In the bustling world of mobile sports wagering, entertainment titan Penn Entertainment is making strategic moves to carve its mark in the lucrative New York market with its newly minted ESPN Bet application. At the heart of the industry buzz, as Truist gaming analyst Barry Jonas observed during the recent 11th Annual Truist Securities GLLR Summit, lies the quest for Penn to stake its claim in a domain notorious for both its immense potential and its formidable challenges.
The intrigue has intensified with Penn CEO Jay Snowden’s commentary pointing toward an ambitious pivot. This comes after an earlier expression of ambivalence about the state’s sports wagering landscape, which is saturated with high stakes and a hefty 51% tax rate. Snowden, whose candid reflections in 2021 echoed concerns about the New York market’s ability to erode margins, seems to have embraced a new mantra: to be in the game is to play the odds favorably, regardless of the financial tightrope it necessitates.
This seasoned approach aligns with New York’s status as the sports betting behemoth of the United States, surpassed by none in terms of handle and revenue. Yet, operators must navigate the quagmire of profitability within a framework that is less than hospitable by most accounting standards.
As Penn Entertainment eyes the entry gate, the mechanism for ESPN Bet’s integration into New York is cushioned with legislative and strategic barriers. With the current licensing pacts filled since the 2021 ascendancy of online sports betting in the state, the options are sparse. Penn might have to play the waiting game or engage in the complex dance of acquisition. Challenges loom as potential sellers are scarce. The high-flying ensemble of FanDuel, DraftKings, Caesars Sportsbook, BetMGM, and BetRivers—along with the diligent newcomer Fanatics—appear to be deeply rooted in their territory.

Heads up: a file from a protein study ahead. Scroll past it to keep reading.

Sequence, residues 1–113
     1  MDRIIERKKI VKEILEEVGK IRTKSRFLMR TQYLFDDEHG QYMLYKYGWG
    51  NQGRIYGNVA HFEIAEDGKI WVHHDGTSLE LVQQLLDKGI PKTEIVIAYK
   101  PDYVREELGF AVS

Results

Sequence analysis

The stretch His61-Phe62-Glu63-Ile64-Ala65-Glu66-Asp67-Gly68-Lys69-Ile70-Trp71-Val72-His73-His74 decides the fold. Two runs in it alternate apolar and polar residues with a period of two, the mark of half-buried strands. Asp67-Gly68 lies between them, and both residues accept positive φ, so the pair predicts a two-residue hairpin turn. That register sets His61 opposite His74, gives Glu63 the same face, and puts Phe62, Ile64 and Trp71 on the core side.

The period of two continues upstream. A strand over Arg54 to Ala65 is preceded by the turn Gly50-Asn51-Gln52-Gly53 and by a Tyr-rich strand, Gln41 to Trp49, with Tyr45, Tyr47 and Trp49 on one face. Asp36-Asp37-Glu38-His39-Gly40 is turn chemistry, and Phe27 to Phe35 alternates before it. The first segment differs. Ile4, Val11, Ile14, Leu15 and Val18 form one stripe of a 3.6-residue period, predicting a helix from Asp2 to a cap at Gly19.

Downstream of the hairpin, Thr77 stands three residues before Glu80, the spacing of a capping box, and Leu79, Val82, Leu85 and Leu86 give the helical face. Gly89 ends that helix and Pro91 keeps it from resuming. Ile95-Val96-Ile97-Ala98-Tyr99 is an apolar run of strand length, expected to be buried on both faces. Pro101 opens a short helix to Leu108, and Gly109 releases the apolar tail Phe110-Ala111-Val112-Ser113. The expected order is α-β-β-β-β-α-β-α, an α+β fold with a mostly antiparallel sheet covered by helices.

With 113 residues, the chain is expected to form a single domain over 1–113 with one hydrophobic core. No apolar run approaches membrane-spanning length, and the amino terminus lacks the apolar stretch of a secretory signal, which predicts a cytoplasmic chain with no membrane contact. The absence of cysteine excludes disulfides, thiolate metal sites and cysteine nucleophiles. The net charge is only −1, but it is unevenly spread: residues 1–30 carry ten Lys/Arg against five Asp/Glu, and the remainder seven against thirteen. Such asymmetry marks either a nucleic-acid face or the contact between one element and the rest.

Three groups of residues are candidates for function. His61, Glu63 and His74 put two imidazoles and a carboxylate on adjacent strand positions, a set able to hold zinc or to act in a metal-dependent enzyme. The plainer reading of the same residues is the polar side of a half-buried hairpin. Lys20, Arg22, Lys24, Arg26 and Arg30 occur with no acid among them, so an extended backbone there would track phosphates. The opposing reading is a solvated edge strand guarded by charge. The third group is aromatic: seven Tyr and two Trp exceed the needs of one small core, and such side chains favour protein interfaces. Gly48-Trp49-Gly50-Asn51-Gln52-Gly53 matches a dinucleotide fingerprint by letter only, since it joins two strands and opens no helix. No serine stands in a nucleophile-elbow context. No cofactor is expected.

The periphery, however, whispers opportunities as WynnBET, Resorts World Bet, and Bally Bet may hold the keys Penn needs. Yet, even this avenue is fraught with speculation, especially with the trifecta eying golden tickets to downstate casino permits that would tighten their grip on the existing licenses. Wynn Resorts dangles as the enigma in this tale, its future actions hinging on the outcome of the casino license shuffle.
Beyond the New York endeavor, ESPN Bet’s financial narrative unfolds with caution. Jonas elaborates that early fiscal shadows could cast losses beyond the expected $100 million to $150 million, delaying the warmth of profitability until 2025. Meanwhile, Penn’s strategic frugality surfaces; it withholds from share repurchase under a previously announced $750 million buyback program, instead funneling its resources towards nurturing the growth of ESPN Bet.
The machinations of Penn Entertainment as it endeavor to chart its ESPN Bet odyssey in New York are a testament to the complex alchemy of risk, strategy, and opportunity that defines the high-stakes world of sports wagering.